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In addition to the Top 4 (ranked by interest rate), there are many more lenders offering to refinance student loans. Below is a listing of all providers we have found so far. This list includes credit unions that may have limited membership. We will continue to update this list as we find more lenders. This list is ordered alphabetically:

  • Alliant Credit Union: Anyone can join this credit union. Interest rates start as low as 3.75% APR. You can borrow up to $100,000 for up to 25 years.
  • Citizens Bank: Variable interest rates range from 2.37% APR – 8.16% APR and fixed rates range from 4.74% – 8.24%. You can borrow for up to 20 years.
  • College Avenue: If you have a medical degree, you can borrow up to $250,000. Otherwise, you can borrow up to $150,000. Fixed rates range from 4.75% – 7.35% APR. Variable rates range from 2.63% – 5.88% APR.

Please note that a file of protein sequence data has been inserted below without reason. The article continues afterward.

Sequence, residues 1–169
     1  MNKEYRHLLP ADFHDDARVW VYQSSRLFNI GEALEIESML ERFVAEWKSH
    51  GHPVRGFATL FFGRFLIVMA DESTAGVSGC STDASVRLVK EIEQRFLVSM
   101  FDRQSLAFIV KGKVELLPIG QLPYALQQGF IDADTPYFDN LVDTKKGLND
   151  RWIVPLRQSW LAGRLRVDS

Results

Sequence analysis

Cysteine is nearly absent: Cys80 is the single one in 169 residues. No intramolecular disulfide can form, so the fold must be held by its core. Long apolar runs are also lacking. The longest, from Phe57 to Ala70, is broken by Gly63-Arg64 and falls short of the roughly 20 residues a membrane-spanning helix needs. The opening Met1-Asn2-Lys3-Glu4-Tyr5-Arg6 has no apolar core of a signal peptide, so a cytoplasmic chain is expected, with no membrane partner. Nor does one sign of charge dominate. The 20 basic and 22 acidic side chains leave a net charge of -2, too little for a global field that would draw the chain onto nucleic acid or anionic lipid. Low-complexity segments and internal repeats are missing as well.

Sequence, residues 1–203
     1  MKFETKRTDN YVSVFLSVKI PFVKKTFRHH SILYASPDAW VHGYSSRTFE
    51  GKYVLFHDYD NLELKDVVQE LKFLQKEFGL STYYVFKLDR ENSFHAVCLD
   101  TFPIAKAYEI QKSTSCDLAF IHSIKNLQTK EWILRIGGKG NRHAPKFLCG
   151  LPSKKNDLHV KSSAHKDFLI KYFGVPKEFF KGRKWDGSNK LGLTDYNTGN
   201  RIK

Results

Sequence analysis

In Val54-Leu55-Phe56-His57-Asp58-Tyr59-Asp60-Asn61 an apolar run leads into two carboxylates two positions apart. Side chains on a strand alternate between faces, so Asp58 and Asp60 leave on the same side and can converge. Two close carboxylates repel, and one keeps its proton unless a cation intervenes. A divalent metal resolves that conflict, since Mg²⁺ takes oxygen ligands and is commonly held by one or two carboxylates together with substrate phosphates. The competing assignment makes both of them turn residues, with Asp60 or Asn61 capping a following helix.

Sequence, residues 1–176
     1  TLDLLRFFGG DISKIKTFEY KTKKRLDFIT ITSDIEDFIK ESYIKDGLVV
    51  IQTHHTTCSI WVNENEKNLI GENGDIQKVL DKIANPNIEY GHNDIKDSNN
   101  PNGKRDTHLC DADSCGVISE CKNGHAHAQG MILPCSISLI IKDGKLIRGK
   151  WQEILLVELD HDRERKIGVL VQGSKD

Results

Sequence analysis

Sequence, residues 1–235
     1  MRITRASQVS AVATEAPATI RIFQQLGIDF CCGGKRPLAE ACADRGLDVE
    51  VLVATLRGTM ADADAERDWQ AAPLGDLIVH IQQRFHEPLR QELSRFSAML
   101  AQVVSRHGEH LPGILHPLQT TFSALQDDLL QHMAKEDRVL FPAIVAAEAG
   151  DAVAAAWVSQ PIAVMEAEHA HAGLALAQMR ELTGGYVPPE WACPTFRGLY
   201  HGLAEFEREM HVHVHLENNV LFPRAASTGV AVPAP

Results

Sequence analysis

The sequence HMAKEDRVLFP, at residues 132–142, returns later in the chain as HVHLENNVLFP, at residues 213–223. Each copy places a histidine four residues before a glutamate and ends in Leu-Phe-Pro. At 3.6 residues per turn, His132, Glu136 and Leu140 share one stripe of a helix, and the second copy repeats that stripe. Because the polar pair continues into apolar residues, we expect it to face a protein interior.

• Credit Union Student Choice: If you like credit unions and community banks, we recommend that you start with LendKey. However, if you can’t find a good loan from a LendKey partner, this tool could be helpful. Just check to see if you or an immediate family member belong to one of their featured credit union and you can apply to refinance your loan.
  • DRB Student Loan: DRB offers variable rates ranging from 3.89% – 6.54% APR and fixed rates from 4.50% – 7.45% APR.
  • Eastman Credit Union: Credit union membership is restricted (see eligibility here). Fixed rates start at 6.50% and go up to 8% APR.
  • Education Success Loans: This company has a unique pricing structure: your interest rate is fixed and then becomes variable thereafter. You can fix the rate at 4.99% APR for the first year, and it is then becomes variable. The longest you can fix the rate is 10 years at 7.99%, and it is then variable thereafter. Given this pricing, you would probably get a better deal elsewhere.